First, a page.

News and Events

SFU program exemplifies Restorative Justice Week

Julie Czeck (left) and Kim Riddell (right). Czeck is a program coordinator
at the Abbotsford Restorative Justice and Advocacy Association.
Riddell, who is completing SFU Continuing Studies' online Certificate in
Restorative Justice, volunteers with the association. Submitted photo.
November 21, 2012

By Amy Robertson

This week, Correctional Service Canada is asking Canadians to celebrate an approach to conflict resolution that SFU has been advocating for years: restorative justice.

Restorative Justice Week 2012, taking place from November 19 to 25 across the country, is an opportunity for individuals and community groups to celebrate and raise awareness about restorative justice, a community-minded approach to justice that focuses on restoration and responsibility rather than punishment.

Created in partnership with SFU’s Centre for Restorative Justice, SFU Continuing Studies’ Restorative Justice Certificate launched in 2010. Originally, it was designed for Salvation Army officers, but it is now open to the public.

According to the program’s instructor, Dr. Joao Salm, “It gives [students] the knowledge to not only perceive and solve conflict within their families, their workspaces, the public in general, and their communities, but it also allows them to have the knowledge to transform these spaces.”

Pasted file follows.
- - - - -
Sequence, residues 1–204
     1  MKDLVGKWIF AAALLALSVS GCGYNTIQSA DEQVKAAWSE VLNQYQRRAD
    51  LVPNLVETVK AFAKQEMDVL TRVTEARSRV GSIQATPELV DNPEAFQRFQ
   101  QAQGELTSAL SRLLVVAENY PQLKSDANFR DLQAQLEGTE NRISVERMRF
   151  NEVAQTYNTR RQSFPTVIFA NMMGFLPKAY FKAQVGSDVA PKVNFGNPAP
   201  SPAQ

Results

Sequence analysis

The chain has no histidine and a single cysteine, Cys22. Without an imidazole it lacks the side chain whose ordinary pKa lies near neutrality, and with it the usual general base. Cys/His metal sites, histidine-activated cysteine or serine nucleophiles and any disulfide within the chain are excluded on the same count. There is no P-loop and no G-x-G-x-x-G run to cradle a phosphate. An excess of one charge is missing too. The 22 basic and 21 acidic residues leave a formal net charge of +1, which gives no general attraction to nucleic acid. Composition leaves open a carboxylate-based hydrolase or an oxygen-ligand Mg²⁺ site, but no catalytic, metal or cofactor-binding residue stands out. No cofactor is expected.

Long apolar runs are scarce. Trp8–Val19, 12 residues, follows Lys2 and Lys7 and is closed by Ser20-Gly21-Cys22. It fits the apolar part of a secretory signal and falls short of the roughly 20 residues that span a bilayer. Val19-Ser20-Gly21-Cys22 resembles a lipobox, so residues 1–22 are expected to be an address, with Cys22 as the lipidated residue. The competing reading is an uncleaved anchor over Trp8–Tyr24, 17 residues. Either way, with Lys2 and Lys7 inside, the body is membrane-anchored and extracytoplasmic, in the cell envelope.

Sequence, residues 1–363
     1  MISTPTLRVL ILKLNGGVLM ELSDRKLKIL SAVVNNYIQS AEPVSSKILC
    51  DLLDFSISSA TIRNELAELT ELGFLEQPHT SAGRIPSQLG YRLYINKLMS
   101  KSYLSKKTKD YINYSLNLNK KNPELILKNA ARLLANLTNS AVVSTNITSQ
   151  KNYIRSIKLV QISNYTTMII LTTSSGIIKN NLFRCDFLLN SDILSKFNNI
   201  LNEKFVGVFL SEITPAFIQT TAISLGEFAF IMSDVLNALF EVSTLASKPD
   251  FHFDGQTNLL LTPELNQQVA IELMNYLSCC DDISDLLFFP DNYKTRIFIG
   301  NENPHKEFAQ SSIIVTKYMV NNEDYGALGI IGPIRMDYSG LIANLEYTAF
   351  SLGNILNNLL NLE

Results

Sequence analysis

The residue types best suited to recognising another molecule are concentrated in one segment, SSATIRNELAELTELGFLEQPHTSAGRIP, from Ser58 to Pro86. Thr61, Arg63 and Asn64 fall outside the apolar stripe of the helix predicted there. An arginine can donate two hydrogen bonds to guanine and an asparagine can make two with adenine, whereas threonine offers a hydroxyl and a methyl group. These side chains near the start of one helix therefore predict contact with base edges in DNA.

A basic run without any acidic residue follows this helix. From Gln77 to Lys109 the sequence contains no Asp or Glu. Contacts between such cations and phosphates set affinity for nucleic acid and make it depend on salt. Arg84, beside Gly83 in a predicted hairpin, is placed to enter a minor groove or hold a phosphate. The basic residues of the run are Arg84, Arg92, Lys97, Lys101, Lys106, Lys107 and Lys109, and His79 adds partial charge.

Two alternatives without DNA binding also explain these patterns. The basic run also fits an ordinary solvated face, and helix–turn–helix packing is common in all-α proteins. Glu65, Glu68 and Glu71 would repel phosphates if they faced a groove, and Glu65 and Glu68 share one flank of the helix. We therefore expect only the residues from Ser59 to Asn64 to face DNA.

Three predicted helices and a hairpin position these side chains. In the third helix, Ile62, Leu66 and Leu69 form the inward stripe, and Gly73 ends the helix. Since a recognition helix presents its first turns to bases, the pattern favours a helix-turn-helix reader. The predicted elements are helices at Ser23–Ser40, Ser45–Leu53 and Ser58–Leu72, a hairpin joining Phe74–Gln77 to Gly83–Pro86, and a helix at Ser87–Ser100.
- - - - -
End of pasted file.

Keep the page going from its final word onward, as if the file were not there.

Student, volunteer sees the humanity in offenders

Kim Riddell, a social worker in the Vancouver area who began SFU’s online program in January 2012, has seen the power of restorative justice first-hand.

She spent years working with sex offenders to help them integrate back into the community after serving their sentences. She always saw their humanity ad believed they’re much more than “bad” people—they’re hurt people who need to heal.

“You get to see a different side to people than you read about in the paper,” she said. “I’ve almost never had anyone be rude to me.” The key, she says, in mutual respect.

As a volunteer at the Abbotsford Restorative Justice and Advocacy Association, she’s a regular advocate for working to restore the relationships between offenders and the community—and for changing attitudes about offenders.

“We’ve got a long way to go,” she said.

Riddell acknowledges that the process can be difficult—sometimes even more difficult than going to court. But in her opinion, it’s well worth it.

“To see victims go from ‘eye for an eye’ to really understanding where a person has come from—it’s just been so rewarding and made me such an advocate for this process.”

Restorative Justice Week 2012 at a glance

The theme for Restorative Justice Week 2012, which is taking place from November 18 to 25, 2012, is “Diverse Needs; Unique Responses.” This theme acknowledges that restorative justice is an approach that addresses the needs of different parties affected by wrongdoing.

To celebrate Restorative Justice Week, Correctional Service Canada is encouraging communities, including faith groups, to recognize the week, organize events, share resources, support the National Restorative Justice Symposium, and share information about events taking place across Canada.